New Zealand PM was aware of illegal Kim Dotcom surveillance
Only last month, New Zealand Prime Minister John Key publically apologized to Kim Dotcom, explaining that the mistakes carried out by the Government Communications and Security Bureau (GCSB) leading up to and during the January 20 raid on his Coatesville, NZ home was “appalling.”
"Of course I apologize to Mr. Dotcom. I apologize to New Zealand," Mr. Key said. "I am personally very disappointed that the agency failed to fully understand the workings of its own legislation” when conducting surveillance of Dotcom in the period before his arrest.
Now, however, Mr. Key confirms that he sat in on a debriefing meeting with the GCSB on February 29, during which the state’s spy agency discussed details of the mission.
Mr. Key admits to attending the meeting, but blames "brain fade" for forgetting the actual events of the encounter. A Government Communications Security Bureau review now confirms that the prime minister was put in the know only weeks after Dotcom was arrested, and right at the start of a case that the defendant calls “politically motivated” and appears to be weakening by the moment.
“A paper prepared as talking points for the staff member conducting a presentation contained a short reference to the Dotcom arrest a few weeks earlier, as an example of cooperation between the GCSB and the police,” the GCSB investigation appeals.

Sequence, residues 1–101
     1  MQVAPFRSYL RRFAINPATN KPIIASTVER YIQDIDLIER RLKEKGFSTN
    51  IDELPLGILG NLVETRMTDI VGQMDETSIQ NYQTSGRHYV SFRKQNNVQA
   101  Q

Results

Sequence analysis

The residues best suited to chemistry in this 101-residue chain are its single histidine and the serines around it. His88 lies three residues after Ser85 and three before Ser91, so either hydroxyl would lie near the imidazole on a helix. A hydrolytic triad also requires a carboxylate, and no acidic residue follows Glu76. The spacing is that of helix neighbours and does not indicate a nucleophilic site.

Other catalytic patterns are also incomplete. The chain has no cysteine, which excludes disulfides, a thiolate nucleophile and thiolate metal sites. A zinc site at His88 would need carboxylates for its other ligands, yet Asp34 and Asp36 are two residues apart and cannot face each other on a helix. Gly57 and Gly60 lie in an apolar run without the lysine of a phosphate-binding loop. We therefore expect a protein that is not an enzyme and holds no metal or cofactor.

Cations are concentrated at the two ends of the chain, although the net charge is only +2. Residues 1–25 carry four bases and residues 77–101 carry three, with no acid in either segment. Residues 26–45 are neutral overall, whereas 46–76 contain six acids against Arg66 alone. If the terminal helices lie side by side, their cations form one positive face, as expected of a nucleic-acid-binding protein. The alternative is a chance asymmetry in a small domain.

Mr. Key declines remembering the specifics of the sit-down, saying, “While neither the GCSB Director nor I can recall the reference to the Dotcom matter being made during my visit to the bureau back in February, I accept that it may well have been made.” What he does recall, he says, is seeing an image of Dotcom appear on the screen during a presentation made during the February meeting.
"They just flashed through it, I do vaguely remember the screen so I remember it being put up,” he says.
An investigation into GCSB practices have forced the agency to admit that the legality of three surveillance missions dating all the way back to 2009 may now be called into questions, only expediting the erosion of New Zealand’s case against Dotcom, a German national who has been raising a family at his Coatesville estate since being freed by authorities. His arrest in January was endorsed by the United States’ FBI, who has indicted Dotcom and his associates for allegedly operating a vast copyright conspiracy over the Internet. Dotcom, born Kim Schmitz, maintains his innocence.